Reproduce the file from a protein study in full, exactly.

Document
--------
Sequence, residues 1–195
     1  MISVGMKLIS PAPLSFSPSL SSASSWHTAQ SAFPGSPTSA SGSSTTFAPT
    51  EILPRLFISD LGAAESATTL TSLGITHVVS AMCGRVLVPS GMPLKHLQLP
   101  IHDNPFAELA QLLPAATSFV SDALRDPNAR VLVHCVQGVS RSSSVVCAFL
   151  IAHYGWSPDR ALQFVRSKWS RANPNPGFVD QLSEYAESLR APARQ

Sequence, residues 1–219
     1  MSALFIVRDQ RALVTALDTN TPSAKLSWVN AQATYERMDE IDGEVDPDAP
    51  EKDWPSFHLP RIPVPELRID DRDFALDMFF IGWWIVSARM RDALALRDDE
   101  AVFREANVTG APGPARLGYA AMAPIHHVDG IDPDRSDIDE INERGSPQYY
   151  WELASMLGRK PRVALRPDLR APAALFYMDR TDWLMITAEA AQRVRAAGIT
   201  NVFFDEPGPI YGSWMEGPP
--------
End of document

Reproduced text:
Sequence, residues 1–195
     1  MISVGMKLIS PAPLSFSPSL SSASSWHTAQ SAFPGSPTSA SGSSTTFAPT
    51  EILPRLFISD LGAAESATTL TSLGITHVVS AMCGRVLVPS GMPLKHLQLP
   101  IHDNPFAELA QLLPAATSFV SDALRDPNAR VLVHCVQGVS RSSSVVCAFL
   151  IAHYGWSPDR ALQFVRSKWS RANPNPGFVD QLSEYAESLR APARQ

Sequence, residues 1–219
     1  MSALFIVRDQ RALVTALDTN TPSAKLSWVN AQATYERMDE IDGEVDPDAP
    51  EKDWPSFHLP RIPVPELRID DRDFALDMFF IGWWIVSARM RDALALRDDE
   101  AVFREANVTG APGPARLGYA AMAPIHHVDG IDPDRSDIDE INERGSPQYY
   151  WELASMLGRK PRVALRPDLR APAALFYMDR TDWLMITAEA AQRVRAAGIT
   201  NVFFDEPGPI YGSWMEGPP